Anyway! My favorite part of this day was actually seeing how happy it made Jessi to be there.
My second favorite part was when Chooch found out that there a stair-walking challenge where you take a slip of paper and get it stamped next to each stairwell to prove that you took the steps on every floor and then you can turn it into the gift shop and collect a prize! You better believe Chooch and I ran back up to the top of the last two floors to start this process, and yes, it would be super easy to just collect a stamp and not even take the steps but I hope that people wouldn’t do that. YOU’RE ONLY CHEATING YOURSELF!
Chooch was excited to point out the hearse to me. The funerary collections were definitely my favorites out of the whole museum.
This kneeler is so much better than ours! I’m jealous! (Yes, we have a kneeler in our house. Henry brought it home as a surprise one day because sometimes he’s actually in tune with my interests.)
If Jessi’s favorite part was the Mister Roger’s stuff, then Bill’s was this weird tooth-head doll. He was obsessed.
Henry didn’t have a favorite part because he’s seen all this shit before in his daily life. Because he’s old and museum artifacts ain’t got nuthin’ on him.
When we were looking at all the Heinz shit, I had this vivid flashback to when I worked at the Bad Place with Henry and our bosses had just come back from cruise. They were excitedly telling us that they were eating dinner with some other couples on the cruise and one of them was struggling to get the ketchup to pour out of the bottle. You’ve been there before, unless you’ve never had the pleasure of throttling a glass bottle of ketchup. Anyway, our boss Joe excitedly said to us, “And then I told them to strike the 57 with the heel of their hand and they thought I was joking but then they did it and it worked!” It’s a super common trick here in the ‘Burgh but people always think we’re nuts UNTIL THEY TRY IT AND THAT SANGUINE SAUCE COMES SHOOTING OUT. If you have no idea what I’m talking about, there is a small “57” on the actual glass of the bottle, not on the label, and striking it does the trick. I didn’t see if the museum mentioned that anywhere but I’m also super well-known for peacing out when it comes to reading signs in museums.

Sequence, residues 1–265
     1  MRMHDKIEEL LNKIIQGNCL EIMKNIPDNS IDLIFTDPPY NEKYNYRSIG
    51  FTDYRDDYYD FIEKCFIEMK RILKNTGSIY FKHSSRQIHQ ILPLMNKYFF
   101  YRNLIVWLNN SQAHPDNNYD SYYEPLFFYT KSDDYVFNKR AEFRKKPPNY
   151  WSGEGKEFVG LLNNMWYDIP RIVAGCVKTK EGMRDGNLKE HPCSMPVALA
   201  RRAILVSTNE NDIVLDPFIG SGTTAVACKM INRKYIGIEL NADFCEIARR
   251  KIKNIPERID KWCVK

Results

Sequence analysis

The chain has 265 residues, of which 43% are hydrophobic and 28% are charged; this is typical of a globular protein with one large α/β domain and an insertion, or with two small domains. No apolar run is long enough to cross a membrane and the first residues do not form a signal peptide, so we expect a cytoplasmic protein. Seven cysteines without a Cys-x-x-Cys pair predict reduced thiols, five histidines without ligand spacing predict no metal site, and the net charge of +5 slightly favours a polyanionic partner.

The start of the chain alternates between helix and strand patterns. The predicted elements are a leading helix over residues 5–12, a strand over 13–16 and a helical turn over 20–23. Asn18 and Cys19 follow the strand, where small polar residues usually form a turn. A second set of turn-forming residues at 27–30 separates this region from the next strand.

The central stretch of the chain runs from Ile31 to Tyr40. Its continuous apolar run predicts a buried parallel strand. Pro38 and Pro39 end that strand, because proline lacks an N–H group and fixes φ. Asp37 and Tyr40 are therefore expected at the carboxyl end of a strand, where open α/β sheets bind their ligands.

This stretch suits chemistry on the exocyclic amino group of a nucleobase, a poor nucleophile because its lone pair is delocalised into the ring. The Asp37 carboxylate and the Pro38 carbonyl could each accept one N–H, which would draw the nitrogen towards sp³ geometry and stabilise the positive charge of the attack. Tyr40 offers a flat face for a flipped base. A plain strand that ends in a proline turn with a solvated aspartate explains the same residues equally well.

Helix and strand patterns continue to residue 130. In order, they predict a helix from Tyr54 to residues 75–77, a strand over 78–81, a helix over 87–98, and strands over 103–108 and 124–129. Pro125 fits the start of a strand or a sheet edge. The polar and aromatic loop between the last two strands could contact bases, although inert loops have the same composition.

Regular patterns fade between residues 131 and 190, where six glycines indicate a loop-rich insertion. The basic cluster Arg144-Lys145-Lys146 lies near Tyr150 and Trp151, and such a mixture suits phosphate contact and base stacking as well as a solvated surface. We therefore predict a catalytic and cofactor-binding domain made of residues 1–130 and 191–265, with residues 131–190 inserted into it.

I get bored easily.
Jessi was obsessed with the fact that pickle salesmen had leather cases for their pickles back in the day. I wish men still wore hates like hat but I can’t imagine Henry looking good in one.
I am suspicious of people who don’t like ketchup, just like I am of people who don’t have pets.
My third favorite part was when were in the interactive kids zone and I waited until some dumb kid finished making a picture on a lightboard and then I went over and messed it up. Henry frowned so hard but it would not be his biggest frown of the day.
Then I got lost for what seemed like days because that joint is big with lots of different ways to go!
I only went into the sports area to see the Penguins stuff but really it was because I was still lost and ran there in a panic. I almost considered joining another group and no, not once did it occur to me that I could have texted Henry, Jessi, or Bill using that newfangled contraption that it always glued to my hand.
You know, a cell phone.
God, you guys make me spell everything out!
I wish the Racer still looked like this! I’ll post pictures of when it looks like now soon, since I still have to vomit all my Kennywood birthday memories up on here.
Chooch wore this Isaly’s hat for the rest of the afternoon. IF YOU LIKE KLONDIKE BARS, THEN YOU’RE WELCOME.
The museum has an old trolley car that you can walk through and if the trolleys still looked like this perhaps I wouldn’t bitch so much every morning!
Anyway, Chooch and I collected all of the stamps needed and the nice lady at the museum gift shop register gave us each a small plastic Heinz ketchup pin and we were both like WORTH IT.
“Those probably cost like fifty cents,” Henry said, always trying to poop on our joy.
STILL WORTH IT.
Stay tuned for the grand finale of their visit!